New diesel and petrol cars and vans will be banned in the UK from 2040 in a bid to tackle air pollution, the government has announced. This ban would include the sale of new diesel cars, vans and buses. But not sure how it will tackle hybrid petrol cars at present. However, it would not stop you from driving your already purchased car.
More than likely it will make it more expensive to use. Motorists would take this as a slap in the face, with many people preferring diesel cars to petrol and with how they have improved their efficiency of over the years has made them cleaner and less pollutive to the environment.
Ministers have been wary of being seen to “punish” drivers of diesel cars, who, they argue, bought the vehicles after being encouraged to by the last Labour government because they produced lower carbon emissions.
Motorist have expressed frustration at this since most believe, this has only really become an issue since the enormous VW emissions scandal and VW and other defrauding manufacturers should pick up the tab of misleading consumers. This initiative plans to follow the French commitment to take polluting vehicles off the road owing to effect of poor air quality on people’s health
The industry trade body, the Society of Motor Manufacturers and Traders, said it was important to avoid outright bans on types of diesel cars, which would hurt the sector.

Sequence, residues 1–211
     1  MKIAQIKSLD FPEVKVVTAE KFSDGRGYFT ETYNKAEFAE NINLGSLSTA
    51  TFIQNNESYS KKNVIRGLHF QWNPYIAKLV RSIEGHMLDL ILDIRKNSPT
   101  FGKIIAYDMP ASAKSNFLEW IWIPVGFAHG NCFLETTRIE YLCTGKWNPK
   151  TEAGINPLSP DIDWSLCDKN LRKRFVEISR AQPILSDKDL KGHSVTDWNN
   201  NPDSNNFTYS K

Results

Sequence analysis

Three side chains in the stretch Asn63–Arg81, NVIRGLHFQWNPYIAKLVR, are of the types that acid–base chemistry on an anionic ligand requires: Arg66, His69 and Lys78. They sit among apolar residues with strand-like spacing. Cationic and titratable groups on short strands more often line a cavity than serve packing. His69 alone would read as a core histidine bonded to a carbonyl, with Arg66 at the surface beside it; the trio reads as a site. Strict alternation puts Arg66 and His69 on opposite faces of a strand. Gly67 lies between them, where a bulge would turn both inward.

“The industry instead wants a positive approach which gives consumers incentives to purchase these cars. We could undermine the UK’s successful automotive sector if we don’t allow enough time for the industry to adjust.”
Local authorities will be given direct financial support from the government, with £40m of the fund being made immediately. The report will also include an air quality grant for councils, a green bus fund for low carbon vehicles, £1.2bn for cycling and walking and £100m to help air quality on the roads.
They can use the funds for a range of measures, such as changing road layouts, implementing new technologies or encouraging residents on to public transport.
It follows the government being given its own deadline of 31 July after High Court judges said it was failing to meet EU pollution limits. The strategy comes amid warnings that the UK’s high level of air pollution could be responsible for 40,000 premature deaths a year.
The funding pot will come from changes to tax on diesel vehicles and the reprioritising departmental budgets – the exact details will be announced later in the year.